Public Goods

A public good is a good that is non-rivalrous and non-excludable.

Non-rivalry means that consumption of the good by one individual does not reduce availability of the good for consumption by others

Non-excludability means that no one can be excluded effectively from using the good.
In the real world, there may be no such thing as an absolutely non-rivalrous and non-excludable good; but economists think that some goods approximate the concept closely enough for the analysis to be economically useful.

Common examples of public goods include: defense, public fireworks, lighthouses, clean air, street light.

Law enforcement, streets, libraries, museums, and education are commonly misclassified as public goods, but they are technically classified in economic terms as quasi-public goods because excludability is possible, but they do still fit some of the characteristics of public goods.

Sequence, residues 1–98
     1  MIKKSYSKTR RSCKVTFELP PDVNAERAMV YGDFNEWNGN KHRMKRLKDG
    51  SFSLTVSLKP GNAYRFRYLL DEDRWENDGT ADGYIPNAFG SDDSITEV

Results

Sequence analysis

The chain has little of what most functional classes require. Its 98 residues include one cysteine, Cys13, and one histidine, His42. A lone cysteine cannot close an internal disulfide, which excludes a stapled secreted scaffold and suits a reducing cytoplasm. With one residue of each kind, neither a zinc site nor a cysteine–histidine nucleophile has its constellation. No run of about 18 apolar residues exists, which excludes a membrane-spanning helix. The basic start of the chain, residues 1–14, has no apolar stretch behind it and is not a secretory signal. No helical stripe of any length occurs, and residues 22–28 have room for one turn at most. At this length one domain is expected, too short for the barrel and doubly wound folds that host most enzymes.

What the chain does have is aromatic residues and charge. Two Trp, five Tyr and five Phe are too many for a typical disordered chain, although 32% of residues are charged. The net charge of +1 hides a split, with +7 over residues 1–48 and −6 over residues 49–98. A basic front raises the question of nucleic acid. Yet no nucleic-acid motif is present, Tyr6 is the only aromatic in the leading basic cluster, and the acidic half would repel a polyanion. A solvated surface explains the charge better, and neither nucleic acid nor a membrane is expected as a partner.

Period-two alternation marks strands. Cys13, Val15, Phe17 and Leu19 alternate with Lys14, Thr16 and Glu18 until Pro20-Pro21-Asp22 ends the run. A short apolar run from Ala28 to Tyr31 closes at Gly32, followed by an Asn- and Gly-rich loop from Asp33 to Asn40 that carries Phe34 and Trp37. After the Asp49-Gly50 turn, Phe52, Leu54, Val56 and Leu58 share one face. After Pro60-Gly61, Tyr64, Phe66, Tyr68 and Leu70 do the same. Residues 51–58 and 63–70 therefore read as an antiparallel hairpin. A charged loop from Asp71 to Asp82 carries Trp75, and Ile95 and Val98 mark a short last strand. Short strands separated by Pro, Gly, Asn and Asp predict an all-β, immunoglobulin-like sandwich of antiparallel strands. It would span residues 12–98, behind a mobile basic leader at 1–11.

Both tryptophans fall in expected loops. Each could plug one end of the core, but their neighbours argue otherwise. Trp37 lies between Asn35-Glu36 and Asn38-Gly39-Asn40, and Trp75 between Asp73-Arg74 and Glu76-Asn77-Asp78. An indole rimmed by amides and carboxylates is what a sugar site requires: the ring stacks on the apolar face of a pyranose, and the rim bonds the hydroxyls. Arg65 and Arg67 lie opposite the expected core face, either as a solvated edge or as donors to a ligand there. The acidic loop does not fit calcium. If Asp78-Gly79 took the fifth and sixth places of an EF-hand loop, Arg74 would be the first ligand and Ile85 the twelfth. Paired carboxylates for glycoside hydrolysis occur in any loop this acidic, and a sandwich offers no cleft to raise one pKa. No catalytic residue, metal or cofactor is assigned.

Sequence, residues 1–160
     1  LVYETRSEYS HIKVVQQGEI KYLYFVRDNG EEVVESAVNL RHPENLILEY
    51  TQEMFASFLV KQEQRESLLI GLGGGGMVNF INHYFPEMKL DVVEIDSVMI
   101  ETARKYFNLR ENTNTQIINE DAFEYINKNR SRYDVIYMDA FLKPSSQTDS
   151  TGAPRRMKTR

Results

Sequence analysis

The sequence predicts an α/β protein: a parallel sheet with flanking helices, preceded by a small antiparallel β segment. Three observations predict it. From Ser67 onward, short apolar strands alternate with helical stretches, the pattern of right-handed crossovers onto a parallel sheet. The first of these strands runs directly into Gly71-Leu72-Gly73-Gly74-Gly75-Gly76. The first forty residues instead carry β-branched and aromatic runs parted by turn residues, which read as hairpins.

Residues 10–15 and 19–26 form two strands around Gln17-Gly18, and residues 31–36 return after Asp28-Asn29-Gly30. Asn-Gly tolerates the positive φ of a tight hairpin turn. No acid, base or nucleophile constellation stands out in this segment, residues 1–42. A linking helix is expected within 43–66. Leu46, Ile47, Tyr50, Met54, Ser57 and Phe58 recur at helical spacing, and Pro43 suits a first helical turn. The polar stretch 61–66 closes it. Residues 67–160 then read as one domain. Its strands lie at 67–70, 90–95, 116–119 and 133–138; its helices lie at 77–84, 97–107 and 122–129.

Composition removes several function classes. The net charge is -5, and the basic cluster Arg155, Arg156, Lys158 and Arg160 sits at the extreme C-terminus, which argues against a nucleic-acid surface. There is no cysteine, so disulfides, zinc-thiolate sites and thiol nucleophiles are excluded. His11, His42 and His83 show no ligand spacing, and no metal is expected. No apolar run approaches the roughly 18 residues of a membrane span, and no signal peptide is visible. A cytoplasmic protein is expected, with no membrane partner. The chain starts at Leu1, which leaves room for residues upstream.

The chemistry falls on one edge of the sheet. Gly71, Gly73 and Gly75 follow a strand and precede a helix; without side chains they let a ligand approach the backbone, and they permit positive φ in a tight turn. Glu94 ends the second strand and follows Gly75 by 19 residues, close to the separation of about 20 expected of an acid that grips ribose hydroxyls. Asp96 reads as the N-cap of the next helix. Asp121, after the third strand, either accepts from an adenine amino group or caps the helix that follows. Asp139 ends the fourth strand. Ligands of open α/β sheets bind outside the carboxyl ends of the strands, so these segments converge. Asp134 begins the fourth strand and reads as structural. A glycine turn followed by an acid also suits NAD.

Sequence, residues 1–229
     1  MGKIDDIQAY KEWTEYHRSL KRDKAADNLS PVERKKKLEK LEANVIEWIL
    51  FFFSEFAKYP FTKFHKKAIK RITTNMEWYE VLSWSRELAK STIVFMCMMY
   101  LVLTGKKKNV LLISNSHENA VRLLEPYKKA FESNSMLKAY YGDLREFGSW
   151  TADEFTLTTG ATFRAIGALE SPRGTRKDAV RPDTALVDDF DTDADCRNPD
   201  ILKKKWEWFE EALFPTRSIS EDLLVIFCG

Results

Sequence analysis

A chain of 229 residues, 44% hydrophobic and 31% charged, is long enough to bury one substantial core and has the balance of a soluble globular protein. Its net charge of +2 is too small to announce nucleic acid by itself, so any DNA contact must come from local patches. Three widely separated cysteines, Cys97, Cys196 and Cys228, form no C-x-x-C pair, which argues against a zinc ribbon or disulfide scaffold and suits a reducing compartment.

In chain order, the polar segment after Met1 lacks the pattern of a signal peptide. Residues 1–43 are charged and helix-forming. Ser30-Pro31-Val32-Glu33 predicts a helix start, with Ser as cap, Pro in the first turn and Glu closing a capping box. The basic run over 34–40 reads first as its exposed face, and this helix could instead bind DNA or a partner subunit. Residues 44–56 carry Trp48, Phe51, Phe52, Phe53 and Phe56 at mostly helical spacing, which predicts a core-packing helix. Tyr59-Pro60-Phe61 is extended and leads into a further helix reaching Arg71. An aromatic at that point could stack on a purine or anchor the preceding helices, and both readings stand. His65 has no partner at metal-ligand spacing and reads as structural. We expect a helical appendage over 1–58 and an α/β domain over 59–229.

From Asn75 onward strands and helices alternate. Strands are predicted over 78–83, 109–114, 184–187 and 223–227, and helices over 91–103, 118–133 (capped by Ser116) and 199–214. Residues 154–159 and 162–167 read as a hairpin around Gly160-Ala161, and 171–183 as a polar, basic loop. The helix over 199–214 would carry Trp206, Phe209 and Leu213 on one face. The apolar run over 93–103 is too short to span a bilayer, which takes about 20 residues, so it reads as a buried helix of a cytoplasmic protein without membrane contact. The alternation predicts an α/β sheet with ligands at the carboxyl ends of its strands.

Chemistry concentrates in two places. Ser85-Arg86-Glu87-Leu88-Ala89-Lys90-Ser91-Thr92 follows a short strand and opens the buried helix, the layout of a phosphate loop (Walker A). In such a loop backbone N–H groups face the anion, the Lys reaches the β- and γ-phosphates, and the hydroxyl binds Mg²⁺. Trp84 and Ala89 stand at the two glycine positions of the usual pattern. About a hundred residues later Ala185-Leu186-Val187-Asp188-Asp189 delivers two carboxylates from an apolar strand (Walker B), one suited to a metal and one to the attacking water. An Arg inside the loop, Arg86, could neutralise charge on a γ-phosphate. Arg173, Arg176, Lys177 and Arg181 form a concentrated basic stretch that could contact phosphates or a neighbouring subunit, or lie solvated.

Private Good

A private good is defined as "an item that yields positive benefits to peopleā€ that is excludable and rivalrous

Excludable means that its owners can exercise private property rights, preventing those who have not paid for it from using the good or consuming its benefits.

Rivalrous means that consumption by one necessarily prevents that of another.

A private good, as an economic resource is scarce, which can cause competition for it.

Examples include food, clothing and property/asset owned by an individual.